Mary Mcculloch, a fellow member of The Fellowship of Christian Writers, issued a challenge this month.
FCW members were invited to write a poem one line at a time for 20 days.
I'm not really a poet, but I'm in a phase where I really want to stretch my writing and try new things.
My poem was completed today. My topic was Imagination.
At the time I began my poem, I was working on my Lupine episode of A Musing which addressed imagination and how it can get carried away.
This morning, after completing my poem, I hopped on Google+. I saw that one of CWA's members, Cheryl Cope, had posted about Imagination today.
God is laying this topic on our hearts for a reason. It's important to pay attention and bind those wild imaginations.
Here's my poem:
Imagination Bound by Heather Randall
You call to me sweetly,
whispering lullabies and lies.
Every thought is held captive,
to the facts dressed in disguise.
Locked up in maybe’s,
my mind paints a broken picture.
I grasp for something pure,
but hope is just a flicker.
The worst case scenario calls to me,
baiting me into its trap.
I wade in the mire of what ifs
and abandon the truth giving map.
Where are the rainbows and unicorns,
and other impossibly plausible dreams?
Here problems are too big to see around
and nightmares unravel the seams.
I long for imagination that inspires me;
that playground of beautiful things,
but I’m stuck in the moment of mystery
where faith develops its wings.
I just completed my first book in this series.
A was for Amish.
What did I learn from reading this genre?
Well, I learned that any genre can become agreeable to a hesitant reader IF . . .
Get ready for "B" is for Biography. I'm starting the next book tonight.
Do you have a favorite biography? If so, tell me about it.
I am not typically an Amish Fiction kind of girl. I've had this perception of Amish Fiction as down-home and overtly wholesome. That just hasn't appealed to me.
In an attempt to be fair to all genres, I have stepped out on a limb and tried something new.
To debut as an Amish Fiction reader, I have selected The Choice by Suzanne Woods Fisher. This book is the first title in the Lancaster County Series.
This book was published in 2010, so if you're a fan of Amish fiction you may already be familiar with it. Since I'm not usually drawn to this genre, it was new to me.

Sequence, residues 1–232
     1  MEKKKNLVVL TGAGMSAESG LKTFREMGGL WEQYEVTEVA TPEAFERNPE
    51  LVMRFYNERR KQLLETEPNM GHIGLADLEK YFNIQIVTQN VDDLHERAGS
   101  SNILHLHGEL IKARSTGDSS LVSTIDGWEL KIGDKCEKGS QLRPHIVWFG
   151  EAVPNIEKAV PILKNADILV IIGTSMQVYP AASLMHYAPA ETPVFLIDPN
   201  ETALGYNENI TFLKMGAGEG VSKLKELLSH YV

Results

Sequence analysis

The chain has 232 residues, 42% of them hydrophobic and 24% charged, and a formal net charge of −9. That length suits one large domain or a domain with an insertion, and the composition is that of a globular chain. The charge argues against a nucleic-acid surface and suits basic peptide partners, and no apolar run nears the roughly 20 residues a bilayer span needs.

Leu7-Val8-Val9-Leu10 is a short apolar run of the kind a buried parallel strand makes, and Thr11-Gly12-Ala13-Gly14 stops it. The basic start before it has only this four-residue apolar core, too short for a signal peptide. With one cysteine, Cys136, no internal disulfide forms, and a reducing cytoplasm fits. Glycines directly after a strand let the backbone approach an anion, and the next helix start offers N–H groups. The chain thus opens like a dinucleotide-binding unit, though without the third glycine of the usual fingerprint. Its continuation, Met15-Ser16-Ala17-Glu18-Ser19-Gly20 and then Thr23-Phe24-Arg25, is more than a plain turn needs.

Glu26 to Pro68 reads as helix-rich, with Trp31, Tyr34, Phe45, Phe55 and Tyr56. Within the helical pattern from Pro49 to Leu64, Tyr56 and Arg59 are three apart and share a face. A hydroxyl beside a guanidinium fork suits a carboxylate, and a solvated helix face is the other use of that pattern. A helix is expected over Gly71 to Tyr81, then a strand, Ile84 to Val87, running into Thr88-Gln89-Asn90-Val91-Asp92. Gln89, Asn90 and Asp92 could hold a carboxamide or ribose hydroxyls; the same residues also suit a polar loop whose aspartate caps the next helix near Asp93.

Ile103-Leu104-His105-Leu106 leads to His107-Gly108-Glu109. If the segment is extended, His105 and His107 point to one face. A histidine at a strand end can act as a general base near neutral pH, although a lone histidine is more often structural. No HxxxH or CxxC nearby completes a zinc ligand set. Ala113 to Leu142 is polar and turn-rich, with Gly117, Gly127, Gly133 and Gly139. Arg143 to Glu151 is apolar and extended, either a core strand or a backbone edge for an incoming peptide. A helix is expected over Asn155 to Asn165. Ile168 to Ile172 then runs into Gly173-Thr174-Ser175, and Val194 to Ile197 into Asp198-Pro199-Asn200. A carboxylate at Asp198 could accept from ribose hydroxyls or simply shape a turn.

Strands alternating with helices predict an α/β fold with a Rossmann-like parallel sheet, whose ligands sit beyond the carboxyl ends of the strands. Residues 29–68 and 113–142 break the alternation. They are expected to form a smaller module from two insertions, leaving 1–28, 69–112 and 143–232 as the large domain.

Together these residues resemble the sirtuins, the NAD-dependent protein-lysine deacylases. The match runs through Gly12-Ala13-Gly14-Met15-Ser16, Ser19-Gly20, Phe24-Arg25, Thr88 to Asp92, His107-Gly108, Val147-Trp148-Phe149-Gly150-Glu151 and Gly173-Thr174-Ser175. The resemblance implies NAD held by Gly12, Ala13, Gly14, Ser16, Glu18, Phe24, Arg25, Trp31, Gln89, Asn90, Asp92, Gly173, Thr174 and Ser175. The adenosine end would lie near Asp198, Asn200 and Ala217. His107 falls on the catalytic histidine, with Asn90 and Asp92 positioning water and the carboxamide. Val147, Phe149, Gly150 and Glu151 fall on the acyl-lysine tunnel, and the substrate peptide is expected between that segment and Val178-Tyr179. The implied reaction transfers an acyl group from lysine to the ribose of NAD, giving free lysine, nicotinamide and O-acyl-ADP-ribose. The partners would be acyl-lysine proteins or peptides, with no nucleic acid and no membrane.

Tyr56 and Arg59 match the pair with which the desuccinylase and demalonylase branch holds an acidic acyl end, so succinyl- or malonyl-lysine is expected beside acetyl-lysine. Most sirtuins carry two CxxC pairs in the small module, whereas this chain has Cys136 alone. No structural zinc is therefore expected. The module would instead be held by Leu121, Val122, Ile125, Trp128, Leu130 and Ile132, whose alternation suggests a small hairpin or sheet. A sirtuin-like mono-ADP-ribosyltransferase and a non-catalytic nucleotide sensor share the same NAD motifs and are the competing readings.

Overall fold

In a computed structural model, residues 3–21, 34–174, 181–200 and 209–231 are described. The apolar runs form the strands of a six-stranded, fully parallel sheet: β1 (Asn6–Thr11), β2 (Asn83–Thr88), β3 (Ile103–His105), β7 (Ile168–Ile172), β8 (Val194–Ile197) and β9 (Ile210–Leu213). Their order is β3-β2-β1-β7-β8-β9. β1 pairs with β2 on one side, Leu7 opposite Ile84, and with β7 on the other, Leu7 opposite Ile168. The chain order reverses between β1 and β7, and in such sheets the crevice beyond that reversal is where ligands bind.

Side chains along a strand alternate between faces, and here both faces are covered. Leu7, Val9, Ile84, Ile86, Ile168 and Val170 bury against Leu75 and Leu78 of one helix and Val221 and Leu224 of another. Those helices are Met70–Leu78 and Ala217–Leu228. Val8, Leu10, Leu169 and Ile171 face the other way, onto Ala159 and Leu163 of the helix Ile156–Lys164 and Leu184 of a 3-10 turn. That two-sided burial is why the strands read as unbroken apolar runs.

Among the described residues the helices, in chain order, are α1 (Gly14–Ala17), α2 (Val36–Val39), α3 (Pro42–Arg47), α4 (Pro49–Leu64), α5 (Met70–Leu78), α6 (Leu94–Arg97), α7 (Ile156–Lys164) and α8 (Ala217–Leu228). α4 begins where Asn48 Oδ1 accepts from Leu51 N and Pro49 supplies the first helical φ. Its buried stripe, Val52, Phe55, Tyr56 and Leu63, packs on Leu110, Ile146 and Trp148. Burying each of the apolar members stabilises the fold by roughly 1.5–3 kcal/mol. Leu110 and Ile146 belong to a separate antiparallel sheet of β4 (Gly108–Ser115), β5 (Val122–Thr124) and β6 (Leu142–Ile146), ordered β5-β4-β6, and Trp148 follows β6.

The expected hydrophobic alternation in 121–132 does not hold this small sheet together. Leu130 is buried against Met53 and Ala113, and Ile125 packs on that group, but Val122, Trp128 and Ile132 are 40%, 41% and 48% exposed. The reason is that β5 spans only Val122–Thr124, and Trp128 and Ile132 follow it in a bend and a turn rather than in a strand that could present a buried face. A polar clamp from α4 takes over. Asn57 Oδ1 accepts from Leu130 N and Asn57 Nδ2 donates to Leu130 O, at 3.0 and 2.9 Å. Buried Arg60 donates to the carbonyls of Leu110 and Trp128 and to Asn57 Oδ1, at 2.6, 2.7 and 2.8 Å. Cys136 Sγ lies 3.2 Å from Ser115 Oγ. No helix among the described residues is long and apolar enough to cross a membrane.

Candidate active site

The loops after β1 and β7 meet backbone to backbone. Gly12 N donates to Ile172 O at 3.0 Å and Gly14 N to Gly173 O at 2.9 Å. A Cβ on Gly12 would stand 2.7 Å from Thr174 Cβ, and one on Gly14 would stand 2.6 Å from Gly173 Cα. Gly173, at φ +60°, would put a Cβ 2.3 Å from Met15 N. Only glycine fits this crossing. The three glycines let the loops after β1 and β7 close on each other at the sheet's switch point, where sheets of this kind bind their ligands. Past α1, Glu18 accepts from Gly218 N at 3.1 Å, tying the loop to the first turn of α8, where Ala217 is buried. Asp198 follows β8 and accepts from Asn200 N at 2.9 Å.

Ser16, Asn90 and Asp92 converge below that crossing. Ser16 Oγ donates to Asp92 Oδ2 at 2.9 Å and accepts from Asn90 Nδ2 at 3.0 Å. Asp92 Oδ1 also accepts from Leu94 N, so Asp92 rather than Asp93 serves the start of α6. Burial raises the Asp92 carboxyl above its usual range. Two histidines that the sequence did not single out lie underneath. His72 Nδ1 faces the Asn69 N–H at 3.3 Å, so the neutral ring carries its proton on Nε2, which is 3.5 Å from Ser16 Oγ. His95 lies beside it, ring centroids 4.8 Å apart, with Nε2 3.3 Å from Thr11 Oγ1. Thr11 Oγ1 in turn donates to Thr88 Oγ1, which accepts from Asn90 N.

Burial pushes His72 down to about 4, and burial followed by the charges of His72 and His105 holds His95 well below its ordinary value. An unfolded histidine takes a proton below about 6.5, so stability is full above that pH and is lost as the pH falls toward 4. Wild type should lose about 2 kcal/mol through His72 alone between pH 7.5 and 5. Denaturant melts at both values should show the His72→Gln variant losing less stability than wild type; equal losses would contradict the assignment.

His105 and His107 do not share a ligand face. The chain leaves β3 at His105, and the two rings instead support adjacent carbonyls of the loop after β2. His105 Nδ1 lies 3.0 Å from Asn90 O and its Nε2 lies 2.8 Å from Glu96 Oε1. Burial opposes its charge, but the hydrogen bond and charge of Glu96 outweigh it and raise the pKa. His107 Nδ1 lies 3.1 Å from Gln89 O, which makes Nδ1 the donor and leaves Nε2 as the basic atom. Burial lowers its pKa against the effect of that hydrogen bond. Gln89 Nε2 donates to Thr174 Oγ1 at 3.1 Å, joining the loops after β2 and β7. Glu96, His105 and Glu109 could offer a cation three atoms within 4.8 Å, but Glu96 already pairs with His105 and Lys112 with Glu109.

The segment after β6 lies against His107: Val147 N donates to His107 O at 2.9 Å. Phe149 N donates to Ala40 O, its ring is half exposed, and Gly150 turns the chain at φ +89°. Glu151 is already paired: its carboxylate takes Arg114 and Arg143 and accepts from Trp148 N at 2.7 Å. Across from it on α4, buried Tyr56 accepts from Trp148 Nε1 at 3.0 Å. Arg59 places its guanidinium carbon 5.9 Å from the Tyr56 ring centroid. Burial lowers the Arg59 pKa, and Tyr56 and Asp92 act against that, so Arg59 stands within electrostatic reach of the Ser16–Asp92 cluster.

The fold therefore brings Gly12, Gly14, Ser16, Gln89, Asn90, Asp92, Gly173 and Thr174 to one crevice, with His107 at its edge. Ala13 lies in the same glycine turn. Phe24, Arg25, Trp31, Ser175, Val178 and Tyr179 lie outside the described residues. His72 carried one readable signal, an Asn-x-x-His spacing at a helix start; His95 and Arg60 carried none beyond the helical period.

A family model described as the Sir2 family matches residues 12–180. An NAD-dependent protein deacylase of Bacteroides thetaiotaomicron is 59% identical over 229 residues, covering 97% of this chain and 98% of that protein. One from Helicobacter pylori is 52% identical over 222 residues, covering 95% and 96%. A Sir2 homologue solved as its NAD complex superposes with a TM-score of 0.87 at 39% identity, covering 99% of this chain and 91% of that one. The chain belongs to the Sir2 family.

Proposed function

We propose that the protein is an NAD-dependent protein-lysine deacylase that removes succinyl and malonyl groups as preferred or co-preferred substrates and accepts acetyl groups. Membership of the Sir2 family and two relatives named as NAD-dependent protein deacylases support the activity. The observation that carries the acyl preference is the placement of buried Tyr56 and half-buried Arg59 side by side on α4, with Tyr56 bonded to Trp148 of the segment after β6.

This is not a solicited review so you won't find any affiliate links here. I didn't plan to even include purchase links, just my honest thoughts. However, this book is currently listed as free in kindle format (as of 3/9/14) so I reconsidered. If you click the image it will take you to the raw (non-affiliate) amazon link. Maybe you can still snag it for free.
Here are my thoughts after reading The Choice:
I enjoyed The Choice much more than I expected to. It is not exactly what you would expect from an Amish novel and I think that's why it worked for me. It's unconventional.
Carrie is in love with the wild child Sol Riehl who is urging her to leave the church and her family to follow him as he pursues his dream of being a baseball star.
Having not yet been baptized into the church, Carrie is free to decide her future despite what it may cost her.
The choice is hers and it is no small decision.
When the choice is made, it seems that life moves her in another direction, but is it life or is it God's mighty hand steering her toward what's best?
The book covers life in a Pennsylvania Dutch Amish community for better and for worse.
Honestly, I do not know much about Amish life. I knew a women in a former church who grew up Mennonite. She said that violence was common and child abuse prevalent. I guess the experiences she shared with me shaped my opinion more than I realized.
Though I understand now that there are differences between the Amish and Mennonite cultures, I have intertwined them in my mind over the years.
The reason I mention this is that I have had a problem with Amish fiction invading the Christian market. I worried that only a purity, simplicity and humility would be presented in these books.
I was actually pleased that one character in The Choice (Carrie's step mother) was portrayed as violent in her form of discipline, disrespectful as a wife and generally unkind. She was honestly what I imagine Amish to be.
I'm not trying to be judgemental or offensive, but I do want to be honest in my perspective when I began reading this book. Perspectives can change.
Now, the step mom is not presented as the norm in the community, but her presence in the story dealt with my anxiety with this genre. It also exposed me to the reality that there are good and bad among all groups and peoples, Amish included. I respect this, and the contrast between that cranky character and others helped me to see the good among the Amish way of life better.
What does come across very well in the story is that relationship with God is personal. Everyone has the ability to choose their behavior, their response and their faith.
Even better, this story addressed how God can direct our steps and lead us to something better than we could or would imagine.
Of course, choosing Him is the best choice we can ever make.
The story has romance, a hint of mystery, and believable emotion.
This is everything I look for in a story.
The Choice is well written, entertaining and a pleasure to read.
Coming up next: B is for . . . . Biography.